During the campaign President-elect Donald Trump promised to bring jobs back to the U.S. by changing the rules with our global trading partners: What stronger protectionist policies could mean for American workers and the U.S. economy.
Public health experts say the abuse of prescription medication is the fasting-growing drug problem in the United States. A new Obama administration initiative aims to reduce addiction levels by 15 percent over the next five years. Among others elements, it would require doctors to receive special training for prescribing painkillers. Many in law enforcement laud the proposals. But people who need powerful drugs to manage chronic pain are concerned. They fear tougher rules for physicians will make it harder for them to get relief. An update on what’s being called a public health epidemic.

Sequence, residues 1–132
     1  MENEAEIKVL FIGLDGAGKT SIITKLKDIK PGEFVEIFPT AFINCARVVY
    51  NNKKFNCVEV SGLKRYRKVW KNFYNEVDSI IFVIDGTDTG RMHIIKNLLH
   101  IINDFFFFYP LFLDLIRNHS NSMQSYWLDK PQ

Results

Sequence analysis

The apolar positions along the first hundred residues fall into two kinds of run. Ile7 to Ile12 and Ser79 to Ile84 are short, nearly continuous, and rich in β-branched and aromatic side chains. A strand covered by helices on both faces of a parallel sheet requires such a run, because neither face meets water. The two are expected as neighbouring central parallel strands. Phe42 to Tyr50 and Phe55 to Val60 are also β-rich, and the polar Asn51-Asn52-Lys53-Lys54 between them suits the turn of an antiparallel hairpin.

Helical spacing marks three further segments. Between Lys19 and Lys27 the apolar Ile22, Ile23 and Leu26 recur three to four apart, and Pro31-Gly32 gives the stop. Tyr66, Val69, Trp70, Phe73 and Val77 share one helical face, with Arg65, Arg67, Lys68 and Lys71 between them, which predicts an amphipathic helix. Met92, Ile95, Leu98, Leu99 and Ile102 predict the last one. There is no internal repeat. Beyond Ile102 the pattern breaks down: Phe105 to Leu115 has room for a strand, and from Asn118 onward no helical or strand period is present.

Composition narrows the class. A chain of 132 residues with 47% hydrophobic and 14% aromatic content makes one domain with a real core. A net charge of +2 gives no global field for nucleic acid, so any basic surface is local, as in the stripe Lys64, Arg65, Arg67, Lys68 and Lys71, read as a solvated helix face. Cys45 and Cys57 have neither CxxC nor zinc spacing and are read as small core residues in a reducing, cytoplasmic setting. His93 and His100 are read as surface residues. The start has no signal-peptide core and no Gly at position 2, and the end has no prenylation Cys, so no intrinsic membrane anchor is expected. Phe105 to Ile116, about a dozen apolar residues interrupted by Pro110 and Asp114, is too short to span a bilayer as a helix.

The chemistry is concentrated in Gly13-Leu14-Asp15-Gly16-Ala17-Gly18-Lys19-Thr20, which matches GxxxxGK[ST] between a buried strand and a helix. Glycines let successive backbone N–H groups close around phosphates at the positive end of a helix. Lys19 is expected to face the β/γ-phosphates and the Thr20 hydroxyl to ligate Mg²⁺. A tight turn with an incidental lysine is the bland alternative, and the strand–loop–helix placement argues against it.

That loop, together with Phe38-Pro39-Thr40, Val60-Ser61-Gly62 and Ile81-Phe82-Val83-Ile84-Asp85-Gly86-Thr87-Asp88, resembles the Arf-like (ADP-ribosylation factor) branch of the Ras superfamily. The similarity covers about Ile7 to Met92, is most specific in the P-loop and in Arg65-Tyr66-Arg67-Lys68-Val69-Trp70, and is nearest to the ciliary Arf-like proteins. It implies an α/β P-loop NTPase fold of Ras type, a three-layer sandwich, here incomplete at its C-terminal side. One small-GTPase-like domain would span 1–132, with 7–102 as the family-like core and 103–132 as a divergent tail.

- Dr. Robert Dupont president of the Institute for Behavior and Health; former director of the National Institute on Drug Abuse.
- Charles Horner chief of police, Portsmouth (Ohio) Police Department.
- Dr. Paul Christo director of the Multidisciplinary Pain Fellowship Program at The Johns Hopkins Hospital; former director of the Blaustein Pain Treatment Center; host of "Aches and Gains," a weekly radio show in Baltimore.
- Dr. Nora Volkow director of the National Institute on Drug Abuse of NIH.
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